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Forty - Siena Piano

The Siena Piano, also called the Immortal Piano and the Harp of King David, is a piano constructed at the beginning of the 19th century that became famous in the 1950s for its remarkable sound and its unusual history. In 1799, Sebastian Marchisio, a harpsichord maker in Turin, Italy began constructing the piano, but died before it was completed. Following the defeat of the Germans by the British in the Battle of El Alamein, 1942, the British found the piano, all plastered up, in a desert in North Africa. Pianist Pnina Salzman gave the first public recital of the Siena piano in Israel, a concert organized under the sponsorship of Prime Minister David Ben-Gurion, on the day of the declaration of Israel's independence. Marie-Jose de Savoia, after listening to the piano, gave her patronage for the piano to be played at a concert for the United Nations International Year of the Child in Jerusalem. The finishing touches and decorations on the piano were put on by Sebastian Marchisio's great-grandson, one of Italy's most famous craftsmen at the time, Nicomedo Ferri and a cousin. On the lid the creators of the piano are written in Italian - Fratelli Marchisio, Turino and Bartalozzi e Ferri, Siena. Artur Schnabel said this is the story of a "pianoman extraordinary, simply falling in love with the King's piano".
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Forty - Siena Piano

Siena Piano
The Siena piano in 1868
Other namesImmortal Piano
Harp of King David
Classification Chordophone
Related instruments
Piano, Fortepiano
Musicians
Camille Saint-Saëns, Franz Liszt, Charles Rosen[1]

The Siena Piano, also called the Immortal Piano and the Harp of King David, is a piano constructed at the beginning of the 19th century[1] that became famous in the 1950s for its remarkable sound and its unusual history. Its timbre is similar to both a piano and a harpsichord. Legend has it that it was partially built with wood from the pillars of the Temple of Solomon, because of its excellent sound and it being the spiritual descendant of the Harp of David.[2][3][4] Most critics say it is best for playing Mozart, Scarlatti and Debussy.[5]

History

In 1799, Sebastian Marchisio, a harpsichord maker in Turin, Italy began constructing the piano, but died before it was completed.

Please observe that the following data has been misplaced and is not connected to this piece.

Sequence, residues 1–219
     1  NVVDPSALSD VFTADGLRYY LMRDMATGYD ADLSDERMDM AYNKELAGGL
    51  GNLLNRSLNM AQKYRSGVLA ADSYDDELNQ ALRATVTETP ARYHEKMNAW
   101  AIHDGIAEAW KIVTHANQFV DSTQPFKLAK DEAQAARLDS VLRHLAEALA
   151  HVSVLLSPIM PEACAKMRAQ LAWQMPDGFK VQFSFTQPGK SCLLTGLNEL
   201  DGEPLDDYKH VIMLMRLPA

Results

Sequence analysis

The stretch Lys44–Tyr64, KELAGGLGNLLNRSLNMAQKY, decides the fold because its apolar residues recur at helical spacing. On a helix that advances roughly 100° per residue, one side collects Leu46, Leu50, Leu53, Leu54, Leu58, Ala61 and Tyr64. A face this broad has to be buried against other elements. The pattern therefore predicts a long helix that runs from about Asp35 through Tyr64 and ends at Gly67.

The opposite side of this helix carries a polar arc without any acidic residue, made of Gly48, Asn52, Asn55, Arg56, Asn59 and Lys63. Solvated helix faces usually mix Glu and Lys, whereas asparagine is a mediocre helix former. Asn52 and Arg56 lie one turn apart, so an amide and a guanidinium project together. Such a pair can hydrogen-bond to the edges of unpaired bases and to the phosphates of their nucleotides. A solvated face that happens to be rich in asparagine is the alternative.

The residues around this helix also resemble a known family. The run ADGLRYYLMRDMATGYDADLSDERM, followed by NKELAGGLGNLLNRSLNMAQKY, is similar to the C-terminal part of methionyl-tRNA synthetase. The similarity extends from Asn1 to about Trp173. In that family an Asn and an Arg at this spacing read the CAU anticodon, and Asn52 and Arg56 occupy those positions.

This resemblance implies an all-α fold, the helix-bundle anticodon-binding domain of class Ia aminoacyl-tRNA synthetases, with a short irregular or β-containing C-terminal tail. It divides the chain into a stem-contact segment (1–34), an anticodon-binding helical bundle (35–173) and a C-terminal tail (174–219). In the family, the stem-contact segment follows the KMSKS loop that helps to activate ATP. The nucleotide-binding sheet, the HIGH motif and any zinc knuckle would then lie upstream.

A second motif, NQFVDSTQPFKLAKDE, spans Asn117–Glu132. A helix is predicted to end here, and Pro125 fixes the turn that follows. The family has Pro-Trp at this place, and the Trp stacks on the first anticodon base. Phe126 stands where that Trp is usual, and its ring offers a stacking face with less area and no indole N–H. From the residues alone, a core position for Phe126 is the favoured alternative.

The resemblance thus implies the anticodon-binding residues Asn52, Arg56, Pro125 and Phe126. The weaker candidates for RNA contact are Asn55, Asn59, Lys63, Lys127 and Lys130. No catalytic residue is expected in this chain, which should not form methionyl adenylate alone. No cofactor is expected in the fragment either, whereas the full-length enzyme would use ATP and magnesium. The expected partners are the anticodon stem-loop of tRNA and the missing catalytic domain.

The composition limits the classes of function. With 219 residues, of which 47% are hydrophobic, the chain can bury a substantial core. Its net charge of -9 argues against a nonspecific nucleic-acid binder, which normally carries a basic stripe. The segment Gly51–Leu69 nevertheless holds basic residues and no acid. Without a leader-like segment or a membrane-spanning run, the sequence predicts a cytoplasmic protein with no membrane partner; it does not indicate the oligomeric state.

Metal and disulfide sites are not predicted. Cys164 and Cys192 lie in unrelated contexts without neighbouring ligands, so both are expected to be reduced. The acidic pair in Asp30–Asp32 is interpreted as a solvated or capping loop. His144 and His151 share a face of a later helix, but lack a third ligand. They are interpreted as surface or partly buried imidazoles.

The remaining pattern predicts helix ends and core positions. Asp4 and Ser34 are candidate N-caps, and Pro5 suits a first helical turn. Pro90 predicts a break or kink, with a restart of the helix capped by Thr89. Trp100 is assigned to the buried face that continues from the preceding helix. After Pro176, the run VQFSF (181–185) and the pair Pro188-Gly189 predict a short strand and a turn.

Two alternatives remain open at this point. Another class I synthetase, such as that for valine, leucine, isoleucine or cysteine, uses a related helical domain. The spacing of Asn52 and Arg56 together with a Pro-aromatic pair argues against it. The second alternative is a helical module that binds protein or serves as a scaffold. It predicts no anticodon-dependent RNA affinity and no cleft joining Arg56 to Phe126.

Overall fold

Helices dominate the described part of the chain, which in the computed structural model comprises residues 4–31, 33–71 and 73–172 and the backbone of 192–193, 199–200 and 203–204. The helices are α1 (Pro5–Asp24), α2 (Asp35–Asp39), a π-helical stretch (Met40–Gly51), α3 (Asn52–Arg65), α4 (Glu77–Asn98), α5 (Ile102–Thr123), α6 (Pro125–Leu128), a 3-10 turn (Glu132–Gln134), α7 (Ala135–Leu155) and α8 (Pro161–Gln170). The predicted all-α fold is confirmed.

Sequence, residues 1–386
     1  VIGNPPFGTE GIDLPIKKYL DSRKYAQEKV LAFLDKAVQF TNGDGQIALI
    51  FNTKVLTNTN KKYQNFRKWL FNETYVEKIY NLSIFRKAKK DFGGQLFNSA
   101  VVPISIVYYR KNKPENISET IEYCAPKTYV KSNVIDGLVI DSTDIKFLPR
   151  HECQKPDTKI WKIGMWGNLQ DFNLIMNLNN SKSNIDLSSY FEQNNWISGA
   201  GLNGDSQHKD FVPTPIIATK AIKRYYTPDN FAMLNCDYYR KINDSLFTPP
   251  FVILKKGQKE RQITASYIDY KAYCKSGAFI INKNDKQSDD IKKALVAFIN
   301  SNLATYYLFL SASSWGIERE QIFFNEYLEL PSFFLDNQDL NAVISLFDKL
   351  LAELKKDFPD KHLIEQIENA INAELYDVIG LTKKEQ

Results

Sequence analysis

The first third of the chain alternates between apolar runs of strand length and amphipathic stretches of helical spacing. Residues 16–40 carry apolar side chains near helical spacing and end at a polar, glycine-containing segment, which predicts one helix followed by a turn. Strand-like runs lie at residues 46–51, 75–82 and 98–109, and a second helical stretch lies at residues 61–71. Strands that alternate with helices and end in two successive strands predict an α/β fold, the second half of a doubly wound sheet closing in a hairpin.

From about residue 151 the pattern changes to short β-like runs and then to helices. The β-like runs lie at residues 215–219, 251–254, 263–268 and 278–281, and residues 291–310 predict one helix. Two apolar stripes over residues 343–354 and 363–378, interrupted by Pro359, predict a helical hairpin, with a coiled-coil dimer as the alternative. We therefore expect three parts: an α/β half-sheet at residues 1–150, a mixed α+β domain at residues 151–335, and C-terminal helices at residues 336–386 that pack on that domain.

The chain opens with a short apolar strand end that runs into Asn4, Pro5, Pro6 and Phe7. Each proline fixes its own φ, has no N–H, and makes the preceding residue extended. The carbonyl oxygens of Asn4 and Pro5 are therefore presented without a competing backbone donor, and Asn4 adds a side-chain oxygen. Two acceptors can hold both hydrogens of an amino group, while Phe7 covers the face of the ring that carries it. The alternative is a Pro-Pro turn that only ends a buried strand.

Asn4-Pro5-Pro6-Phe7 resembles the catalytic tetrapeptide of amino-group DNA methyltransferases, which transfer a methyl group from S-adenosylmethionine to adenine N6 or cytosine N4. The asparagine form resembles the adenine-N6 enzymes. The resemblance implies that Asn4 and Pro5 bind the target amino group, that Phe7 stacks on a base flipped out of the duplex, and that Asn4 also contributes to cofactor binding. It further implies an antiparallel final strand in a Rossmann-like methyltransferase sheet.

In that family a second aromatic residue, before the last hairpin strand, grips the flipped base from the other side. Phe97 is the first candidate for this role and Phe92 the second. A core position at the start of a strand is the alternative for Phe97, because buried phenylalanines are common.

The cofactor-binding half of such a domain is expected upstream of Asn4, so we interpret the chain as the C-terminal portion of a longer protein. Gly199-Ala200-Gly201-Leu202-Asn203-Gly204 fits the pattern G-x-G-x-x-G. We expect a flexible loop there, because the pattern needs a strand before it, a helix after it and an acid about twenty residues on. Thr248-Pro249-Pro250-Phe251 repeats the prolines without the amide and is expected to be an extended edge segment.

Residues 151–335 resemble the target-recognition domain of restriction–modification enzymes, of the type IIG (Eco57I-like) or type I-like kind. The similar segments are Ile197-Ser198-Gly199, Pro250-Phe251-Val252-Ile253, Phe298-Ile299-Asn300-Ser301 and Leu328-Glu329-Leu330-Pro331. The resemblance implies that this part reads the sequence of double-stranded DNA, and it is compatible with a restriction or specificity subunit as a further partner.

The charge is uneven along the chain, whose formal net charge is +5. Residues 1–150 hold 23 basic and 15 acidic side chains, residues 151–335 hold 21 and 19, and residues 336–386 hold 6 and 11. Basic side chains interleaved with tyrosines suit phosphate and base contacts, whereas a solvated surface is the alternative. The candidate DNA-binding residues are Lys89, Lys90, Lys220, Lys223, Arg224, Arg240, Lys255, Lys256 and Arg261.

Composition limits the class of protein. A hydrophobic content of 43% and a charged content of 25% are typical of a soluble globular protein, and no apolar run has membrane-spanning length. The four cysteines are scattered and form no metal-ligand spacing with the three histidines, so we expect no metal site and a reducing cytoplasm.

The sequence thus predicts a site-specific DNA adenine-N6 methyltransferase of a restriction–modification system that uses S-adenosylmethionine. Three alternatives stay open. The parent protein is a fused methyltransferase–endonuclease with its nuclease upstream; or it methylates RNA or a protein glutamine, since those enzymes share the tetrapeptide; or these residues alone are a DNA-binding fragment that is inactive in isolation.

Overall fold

His family completed the first build and it was later given as a wedding gift to Marchisio's granddaughter. Several modifications later it appeared at the Paris World's Fair in 1867. It was then given as a wedding present by the city of Siena to the future king Umberto I of Italy, after which it fell into Nazi possession.[5][6]

Following the defeat of the Germans by the British in the Battle of El Alamein, 1942, the British found the piano, all plastered up, in a desert in North Africa.[7] It was then used by some British entertainers who toured camps and sang for the wounded. It found a home at a Tel Aviv piano workshop belonging to Avner Carmi Yanowsky by way of an Israeli merchant.[8]

Carmi renovated the piano and he tried it out with several renowned musicians on tour in Israel. Pianist Pnina Salzman gave the first public recital of the Siena piano in Israel, a concert organized under the sponsorship of Prime Minister David Ben-Gurion, on the day of the declaration of Israel's independence.[3] The piano then toured Europe finally finding its way to the United States, where it was shown at Steinway Hall and used for recordings.[5] During this time the piano was extensively repaired again and again, the ancient crumbling sounding board giving way due to its age. During these times Sohmer Piano Company also decided to help Carmi with the repairs for over a year.[9] Marie-Jose de Savoia, after listening to the piano, gave her patronage for the piano to be played at a concert for the United Nations International Year of the Child in Jerusalem.[3][10]

Carmi and his wife wrote a book about the piano titled The Immortal Piano. His daughter finally sold it in 1996 to a private collector for $1 million.[11][5] The most recent owner, who lived in the town of Caesarea, put the instrument up for auction in 2020.[3][6][1]

Description